Sometimes in programming you need to do a pairwise comparison of some elements coming from two collections, for example, checking possible collisions between particles (which may be embedded inside a quadtree representation for efficiency). A handy operation is then the Cartesian product of the two sets of elements, to get the set of all pairs, which can then be traversed.
Whenever I need a Cartesian product of two lists in Haskell, I whip out the list monad to generate the Cartesian product:
cartesianProduct :: [a] -> [b] -> [(a, b)] cartesianProduct as bs = as >>= (\a -> bs >>= (\b -> [(a, b)]))
Thus for every element
as we get every element
bs and form the singleton list of the pair
(a, b), all of which get concatenated to produce the result. For example:
*Main> cartesianProduct [1..4] [1..4] [(1,1),(1,2),(1,3),(1,4),(2,1),(2,2),(2,3),(2,4),(3,1),(3,2),(3,3),(3,4),(4,1),(4,2),(4,3),(4,4)]
This traverses the Cartesian space in row order. That is, if we imagine the square grid of possibilities here (where the element at the ith row and jth column corresponds to element
(i, j)), then
cartesianProduct generates the pairs in the following order:
In mathematics, the Cartesian product is defined on sets, so the order of these pairs is irrelevant. Indeed, if we want to examine all pairs, then it may not matter in what order. However, if we learn something as we look at the pairs (i.e., accumulating some state), then the order can be important.
In some recent research, I was building an automated algebra tool to find axioms for some algebraic structure, based on an interpretation. This involved generating all pairs of syntax trees
t' of terms over the algebraic structure, up to a particular depth, and evaluating whether
t = t'. I also had some automated proof search machinery to make sure that this equality wasn’t already derivable from the previously generated axioms. I could have done this derivability check as a filtering afterwards, but I was exploring a very large space, and did not expect to even be able to generate all the possibilities. I just wanted to let the thing run for a few hours and see how far it got. Therefore, I needed Cartesian product to get all pairs, but the order in which I generated the pairs became important for the effectiveness of my approach. The above ordering (row major order) was not so useful as I was unlikely to find interesting axioms quickly by traversing the span of a (very long) row; I needed to unpack the space in a more balanced way.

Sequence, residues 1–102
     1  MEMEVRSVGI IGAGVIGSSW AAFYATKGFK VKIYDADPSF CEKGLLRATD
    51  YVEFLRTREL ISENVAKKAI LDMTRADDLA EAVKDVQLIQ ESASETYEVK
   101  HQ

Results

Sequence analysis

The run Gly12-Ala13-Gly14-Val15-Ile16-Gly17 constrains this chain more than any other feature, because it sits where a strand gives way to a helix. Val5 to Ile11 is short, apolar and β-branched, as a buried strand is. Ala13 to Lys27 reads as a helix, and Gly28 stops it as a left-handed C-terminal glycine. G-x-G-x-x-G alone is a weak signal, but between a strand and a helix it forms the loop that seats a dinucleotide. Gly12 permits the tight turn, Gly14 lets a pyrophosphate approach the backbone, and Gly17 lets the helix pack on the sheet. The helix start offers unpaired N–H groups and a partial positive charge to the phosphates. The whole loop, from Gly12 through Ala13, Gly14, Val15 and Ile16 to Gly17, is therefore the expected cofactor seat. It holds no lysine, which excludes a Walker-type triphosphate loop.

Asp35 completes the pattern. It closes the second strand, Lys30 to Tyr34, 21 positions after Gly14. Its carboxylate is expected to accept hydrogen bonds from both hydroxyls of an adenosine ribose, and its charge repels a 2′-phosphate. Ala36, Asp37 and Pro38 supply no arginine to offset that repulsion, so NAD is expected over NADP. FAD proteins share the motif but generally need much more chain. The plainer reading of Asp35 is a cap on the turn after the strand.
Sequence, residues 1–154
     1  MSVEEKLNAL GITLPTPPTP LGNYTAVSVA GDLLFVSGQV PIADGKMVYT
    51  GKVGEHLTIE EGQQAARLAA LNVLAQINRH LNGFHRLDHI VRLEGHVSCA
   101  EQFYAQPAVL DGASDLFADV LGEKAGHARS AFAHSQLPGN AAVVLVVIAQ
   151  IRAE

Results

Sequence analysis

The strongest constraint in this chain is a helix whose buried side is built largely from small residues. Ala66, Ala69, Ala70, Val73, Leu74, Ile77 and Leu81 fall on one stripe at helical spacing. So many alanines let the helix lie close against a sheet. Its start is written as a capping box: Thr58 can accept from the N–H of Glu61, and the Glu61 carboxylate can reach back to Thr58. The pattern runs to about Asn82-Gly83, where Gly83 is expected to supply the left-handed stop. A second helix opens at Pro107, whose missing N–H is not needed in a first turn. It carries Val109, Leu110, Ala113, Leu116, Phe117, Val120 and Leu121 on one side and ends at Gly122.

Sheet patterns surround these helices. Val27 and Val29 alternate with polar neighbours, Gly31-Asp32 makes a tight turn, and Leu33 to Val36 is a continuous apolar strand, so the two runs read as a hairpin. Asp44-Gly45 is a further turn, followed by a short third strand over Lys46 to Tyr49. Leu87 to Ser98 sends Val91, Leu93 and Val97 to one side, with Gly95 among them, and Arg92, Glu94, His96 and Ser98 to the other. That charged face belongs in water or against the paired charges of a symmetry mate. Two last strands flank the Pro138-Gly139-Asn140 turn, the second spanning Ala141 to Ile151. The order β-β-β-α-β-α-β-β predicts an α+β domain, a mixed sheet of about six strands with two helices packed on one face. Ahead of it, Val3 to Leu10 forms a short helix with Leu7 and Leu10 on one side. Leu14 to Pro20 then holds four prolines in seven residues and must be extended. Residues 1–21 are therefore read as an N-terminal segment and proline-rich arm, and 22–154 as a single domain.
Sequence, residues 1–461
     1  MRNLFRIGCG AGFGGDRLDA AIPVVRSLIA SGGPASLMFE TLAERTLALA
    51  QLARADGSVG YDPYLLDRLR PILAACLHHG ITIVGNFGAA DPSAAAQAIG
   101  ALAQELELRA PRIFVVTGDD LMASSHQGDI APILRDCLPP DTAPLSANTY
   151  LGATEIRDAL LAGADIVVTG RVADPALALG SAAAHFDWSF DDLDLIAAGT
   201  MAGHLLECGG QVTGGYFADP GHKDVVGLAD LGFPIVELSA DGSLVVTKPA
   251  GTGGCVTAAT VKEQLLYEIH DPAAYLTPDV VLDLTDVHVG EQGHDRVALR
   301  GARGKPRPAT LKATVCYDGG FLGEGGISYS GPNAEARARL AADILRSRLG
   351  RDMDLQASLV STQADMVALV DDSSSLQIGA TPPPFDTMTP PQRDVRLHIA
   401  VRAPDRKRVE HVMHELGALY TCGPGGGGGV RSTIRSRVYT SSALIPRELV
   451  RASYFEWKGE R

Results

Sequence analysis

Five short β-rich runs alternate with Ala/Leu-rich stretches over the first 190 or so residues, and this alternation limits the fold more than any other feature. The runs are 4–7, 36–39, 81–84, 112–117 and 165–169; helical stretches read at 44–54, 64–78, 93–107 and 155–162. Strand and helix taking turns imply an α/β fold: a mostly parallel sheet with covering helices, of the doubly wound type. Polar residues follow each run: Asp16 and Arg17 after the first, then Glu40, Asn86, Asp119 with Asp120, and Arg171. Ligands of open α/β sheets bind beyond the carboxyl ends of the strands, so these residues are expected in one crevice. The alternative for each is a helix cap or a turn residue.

My first attempt at a more balanced Cartesian product was the following:
cartesianProductBalanced :: [a] -> [b] -> ([(a, b)]) cartesianProductBalanced as bs = concatMap (zip as) (tails bs) ++ concatMap (flip zip bs) (tail (tails as))
tails gives the list of successively applying
tails [1..4] =
This definition for
cartesianProductBalanced essentially traverses the diagonal of the space and then the lower triangle of the matrix, progressing away from the diagonal to the bottom-left, then traversing the upper triangle of the matrix (the last line of code), progressing away from the diagonal to the top-right corner. The ordering for a 4×4 space is then:
*Main> cartesianProductBalanced [1..4] [1..4] [(1,1),(2,2),(3,3),(4,4),(1,2),(2,3),(3,4),(1,3),(2,4),(1,4),(2,1),(3,2),(4,3),(3,1),(4,2),(4,1)]
This was more balanced, giving me a better view of the space, but does not scale well: traversing the elements of this Cartesian product linearly means first traversing all the way down the diagonal, which could be very long! So, we’ve ended up with a similar problem to the row-major traversal.
Instead, I finally settled on a “tiling” Cartesian product:
cartesianProductTiling :: [a] -> [b] -> [(a, b)] cartesianProductTiling  _ =  cartesianProductTiling _  =  cartesianProductTiling [a] [b] = [(a, b)] cartesianProductTiling as bs = cartesianProductTiling as1 bs1 ++ cartesianProductTiling as2 bs1 ++ cartesianProductTiling as1 bs2 ++ cartesianProductTiling as2 bs2 where (as1, as2) = splitAt ((length as) `div` 2) as (bs1, bs2) = splitAt ((length bs) `div` 2) bs
This splits the space into four quadrants and recursively applies itself to the upper-left, then lower-left, then upper-right, then lower-right, e.g.,
*Main> cartesianProductTiling [1..4] [1..4] [(1,1),(2,1),(1,2),(2,2),(3,1),(4,1),(3,2),(4,2),(1,3),(2,3),(1,4),(2,4),(3,3),(4,3),(3,4),(4,4)]
Thus, we explore the upper-left portion first, without having to traverse down a full row, column, or diagonal. This turned out to be much better for my purposes of searching the space of possible axioms for an algebraic structure.
Note that this visits the elements in Z-order (also known as the Lebesgue space-filling curve) [Actually, it is a reflected Z-order curve, but that doesn’t matter here].
The only downside to this tiling approach is that it does not work for infinite spaces (as it calculates the length of
bs), so we cannot exploit Haskell’s laziness here to help us in the infinite case. I’ll leave it as an exercise for the reader to define a tiling version that works for infinite lists.
Of course, there are many other possibilities depending on your application domain!
Later edit: In the case of the example I mentioned, I actually do not need the full Cartesian product since the order of pairs was not relevant to me (equality is symmetric) and neither do I need the pairs of identical elements (equality is reflexive). So for my program, computing just the lower triangle of Cartesian product square is much more efficient, i.e,:
cartesianProductLowerTriangle :: [a] -> [b] -> [(a, b)] cartesianProductLowerTriangle as bs = concatMap (zip as) (tail (tails bs))
However, this does not have the nice property of tiling product where we visit the elements in a more balanced fashion. I’ll leave that one for another day (I got what I needed from my program in the end anyway).